The Syndicate planned to use large zeppelins with a capacity of 144 passengers. To work out the kinks they planned a test run using a Pony Blimp recently purchased from Goodyear. The fact you could buy a blimp is pretty astounding. As the name implies, it was pretty darn small- only two passengers. Yet it was still almost a hundred feet long! Once filled with helium they plotted out their route and prepared to work out the kinks. But just hours before departure a thunderstorm destroyed their hangar, and the blimp along with it.
They had discovered the biggest airship kink of all: Weather.
The company was devastated financially and never made good on their promise of scheduled air service. Had they succeeded, it would have been the first airline in America. Like, the first airline of any kind– not just the first airship service!
While that endeavor didn’t get off the ground (ahem), it probably did catch the attention of entrepreneurs eager to cash in on all the oilmen traveling to and from Tulsa and the nearby oilfields. It’s not crazy to imagine, years later as the Exchange Bank is being topped off, that someone might have suggested cobbling a hook on the top of the tower for those new-fangled zeppelins.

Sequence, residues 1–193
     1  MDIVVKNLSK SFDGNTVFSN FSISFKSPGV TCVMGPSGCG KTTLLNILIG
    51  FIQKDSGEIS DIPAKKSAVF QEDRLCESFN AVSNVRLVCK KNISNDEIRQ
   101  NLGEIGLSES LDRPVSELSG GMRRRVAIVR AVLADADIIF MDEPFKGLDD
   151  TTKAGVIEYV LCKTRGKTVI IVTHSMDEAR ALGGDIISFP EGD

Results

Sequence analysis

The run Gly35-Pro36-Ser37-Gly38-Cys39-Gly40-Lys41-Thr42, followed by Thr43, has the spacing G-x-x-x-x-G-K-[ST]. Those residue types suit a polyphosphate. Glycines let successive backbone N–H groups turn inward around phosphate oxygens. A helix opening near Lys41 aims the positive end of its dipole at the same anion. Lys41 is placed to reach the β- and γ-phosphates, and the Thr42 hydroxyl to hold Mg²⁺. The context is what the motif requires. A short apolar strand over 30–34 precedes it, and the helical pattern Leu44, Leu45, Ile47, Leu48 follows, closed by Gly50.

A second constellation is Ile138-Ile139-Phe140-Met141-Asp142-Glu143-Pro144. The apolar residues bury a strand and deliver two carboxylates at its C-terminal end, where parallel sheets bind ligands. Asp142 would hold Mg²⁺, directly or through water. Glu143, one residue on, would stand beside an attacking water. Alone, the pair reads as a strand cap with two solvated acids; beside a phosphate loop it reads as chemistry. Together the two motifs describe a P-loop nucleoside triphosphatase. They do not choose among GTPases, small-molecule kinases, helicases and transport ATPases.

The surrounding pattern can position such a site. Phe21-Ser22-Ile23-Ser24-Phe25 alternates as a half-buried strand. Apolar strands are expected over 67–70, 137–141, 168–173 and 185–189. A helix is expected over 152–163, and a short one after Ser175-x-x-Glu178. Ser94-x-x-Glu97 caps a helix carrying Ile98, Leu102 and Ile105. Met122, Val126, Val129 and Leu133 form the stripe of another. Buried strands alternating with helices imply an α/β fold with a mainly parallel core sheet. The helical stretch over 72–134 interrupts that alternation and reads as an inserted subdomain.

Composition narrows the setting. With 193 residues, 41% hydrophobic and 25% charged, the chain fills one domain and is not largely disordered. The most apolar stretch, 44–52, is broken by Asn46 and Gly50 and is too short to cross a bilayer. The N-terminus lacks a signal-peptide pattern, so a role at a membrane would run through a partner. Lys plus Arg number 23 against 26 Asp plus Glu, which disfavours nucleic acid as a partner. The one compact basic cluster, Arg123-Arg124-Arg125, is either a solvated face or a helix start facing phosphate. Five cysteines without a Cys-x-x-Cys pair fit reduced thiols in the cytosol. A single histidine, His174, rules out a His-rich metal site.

The dirigible ZRCV-1, USS Tulsa was commissioned in 1940. It was lost at sea in the Atlantic with her crew during violent weather.
To The Skies
Through the Fifties, Sixties and much of the Seventies we knew that lovely Beaux-Arts tower in that mystery painting as the NBT Building. KOTV’s first television broadcast antenna was mounted on the top. The National Bank of Tulsa called it home for decades and heavily promoted their Weather Light, a flashing warning lamp which adorned the cupola for many years. Aviators used the light as a navigational aid in foul weather.
But when the building opened in 1917 it was called the Exchange National Bank. George Winkler was the architect and planned it in three stages. It was topped off in 1929, and became Oklahoma’s tallest building. That honor lasted a whole two years… but I digress.
The timing of the tower’s completion– 1929– I believe is critical to the legend of the mooring mast.